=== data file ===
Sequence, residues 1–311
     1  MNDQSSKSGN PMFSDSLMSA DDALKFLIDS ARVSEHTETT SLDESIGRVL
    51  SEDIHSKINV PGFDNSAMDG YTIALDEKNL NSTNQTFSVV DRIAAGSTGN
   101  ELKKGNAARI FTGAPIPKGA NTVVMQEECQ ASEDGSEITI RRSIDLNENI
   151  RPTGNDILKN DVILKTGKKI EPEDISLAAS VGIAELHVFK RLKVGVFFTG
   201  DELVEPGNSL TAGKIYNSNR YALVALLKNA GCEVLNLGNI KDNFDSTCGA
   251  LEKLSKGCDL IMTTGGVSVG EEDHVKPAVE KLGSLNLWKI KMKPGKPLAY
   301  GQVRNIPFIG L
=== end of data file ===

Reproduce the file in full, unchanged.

Sequence, residues 1–311
     1  MNDQSSKSGN PMFSDSLMSA DDALKFLIDS ARVSEHTETT SLDESIGRVL
    51  SEDIHSKINV PGFDNSAMDG YTIALDEKNL NSTNQTFSVV DRIAAGSTGN
   101  ELKKGNAARI FTGAPIPKGA NTVVMQEECQ ASEDGSEITI RRSIDLNENI
   151  RPTGNDILKN DVILKTGKKI EPEDISLAAS VGIAELHVFK RLKVGVFFTG
   201  DELVEPGNSL TAGKIYNSNR YALVALLKNA GCEVLNLGNI KDNFDSTCGA
   251  LEKLSKGCDL IMTTGGVSVG EEDHVKPAVE KLGSLNLWKI KMKPGKPLAY
   301  GQVRNIPFIG L